The voice does offer some guidance and the camera offers some subtle clues, but you are free to choose what to do next. You can pick up a stick and try to kill some enemies or climb pretty much any surface in the game (as long as you don’t run into rain, the true mortal enemy of Breath of the Wild players). If you choose to follow the game’s main plot line, you will start going through shrines to get runes for the Sheikah Slate which allow you to solve puzzles throughout the game. You can run around in the starting area as long as you like, but you do have to complete the initial quests to leave.

Once you are off the starting plateau, you can explore as you like. In fact, one of my favorite things about the game is its variety. There is no “right” way to do anything in the game. As far as plot goes, the game’s main goal is to help Princess Zelda defeat Ganon. That’s nothing new for the Zelda series. You learn about the princess and the four champions through a series of flashback cutscenes. There are other NPCs of varying races as well. Many of the characters are charming and funny.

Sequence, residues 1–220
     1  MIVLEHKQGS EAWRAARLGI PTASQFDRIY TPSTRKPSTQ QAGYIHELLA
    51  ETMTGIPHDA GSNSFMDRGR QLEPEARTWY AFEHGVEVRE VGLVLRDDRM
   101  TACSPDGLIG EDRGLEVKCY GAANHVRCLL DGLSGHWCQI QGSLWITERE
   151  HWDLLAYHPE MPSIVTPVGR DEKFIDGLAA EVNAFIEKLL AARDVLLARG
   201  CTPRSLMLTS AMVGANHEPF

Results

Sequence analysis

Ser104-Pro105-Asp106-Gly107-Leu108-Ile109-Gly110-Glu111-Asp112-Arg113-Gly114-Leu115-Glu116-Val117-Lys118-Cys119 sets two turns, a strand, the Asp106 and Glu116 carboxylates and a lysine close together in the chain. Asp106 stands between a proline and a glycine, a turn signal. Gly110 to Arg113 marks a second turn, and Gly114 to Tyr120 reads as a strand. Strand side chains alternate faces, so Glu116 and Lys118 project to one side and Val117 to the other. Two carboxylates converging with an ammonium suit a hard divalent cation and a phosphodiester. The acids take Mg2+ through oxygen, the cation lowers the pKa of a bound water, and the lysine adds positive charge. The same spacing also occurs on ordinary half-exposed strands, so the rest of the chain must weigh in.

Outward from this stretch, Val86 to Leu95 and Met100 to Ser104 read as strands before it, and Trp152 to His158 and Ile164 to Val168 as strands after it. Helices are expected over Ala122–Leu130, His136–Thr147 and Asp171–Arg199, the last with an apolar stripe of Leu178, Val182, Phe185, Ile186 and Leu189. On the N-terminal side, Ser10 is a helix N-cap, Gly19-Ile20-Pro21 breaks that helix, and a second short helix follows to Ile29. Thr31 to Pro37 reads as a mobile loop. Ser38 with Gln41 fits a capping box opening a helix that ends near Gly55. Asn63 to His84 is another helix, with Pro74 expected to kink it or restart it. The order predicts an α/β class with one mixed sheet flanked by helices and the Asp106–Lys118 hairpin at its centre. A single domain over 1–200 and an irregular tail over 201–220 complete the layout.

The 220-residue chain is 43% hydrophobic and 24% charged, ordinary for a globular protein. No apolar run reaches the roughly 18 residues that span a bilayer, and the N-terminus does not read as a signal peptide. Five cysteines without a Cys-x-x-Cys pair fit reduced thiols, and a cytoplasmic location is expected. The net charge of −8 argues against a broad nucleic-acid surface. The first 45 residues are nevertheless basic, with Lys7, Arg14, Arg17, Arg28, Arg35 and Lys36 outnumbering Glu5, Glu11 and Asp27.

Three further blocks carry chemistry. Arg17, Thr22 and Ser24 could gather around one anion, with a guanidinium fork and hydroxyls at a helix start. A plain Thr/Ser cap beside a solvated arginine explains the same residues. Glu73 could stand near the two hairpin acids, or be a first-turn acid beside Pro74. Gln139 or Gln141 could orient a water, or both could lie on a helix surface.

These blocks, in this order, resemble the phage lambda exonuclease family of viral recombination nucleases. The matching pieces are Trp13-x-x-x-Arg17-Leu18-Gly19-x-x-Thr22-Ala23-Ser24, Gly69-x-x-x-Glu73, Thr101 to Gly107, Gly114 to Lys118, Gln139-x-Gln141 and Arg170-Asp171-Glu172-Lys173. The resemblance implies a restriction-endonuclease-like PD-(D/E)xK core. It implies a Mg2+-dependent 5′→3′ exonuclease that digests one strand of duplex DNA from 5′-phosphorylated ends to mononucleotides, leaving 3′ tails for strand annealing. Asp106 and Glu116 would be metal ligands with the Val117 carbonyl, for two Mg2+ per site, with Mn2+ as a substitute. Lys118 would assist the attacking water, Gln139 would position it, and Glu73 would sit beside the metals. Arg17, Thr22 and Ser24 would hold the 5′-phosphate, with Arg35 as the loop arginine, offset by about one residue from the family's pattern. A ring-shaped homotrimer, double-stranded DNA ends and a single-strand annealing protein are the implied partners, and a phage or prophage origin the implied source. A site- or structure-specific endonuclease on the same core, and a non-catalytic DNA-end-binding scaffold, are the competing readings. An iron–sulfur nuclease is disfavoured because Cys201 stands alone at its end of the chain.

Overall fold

There are difficult enemies to fight, and a large number of side quests to complete. One complaint I have seen repeatedly about Breath of the Wild, and one that I share myself, is the difficulty of the final boss. It borders on easy if you have rescued all four champions. After logging more hours than I care to admit, I will say you can run out of things to do.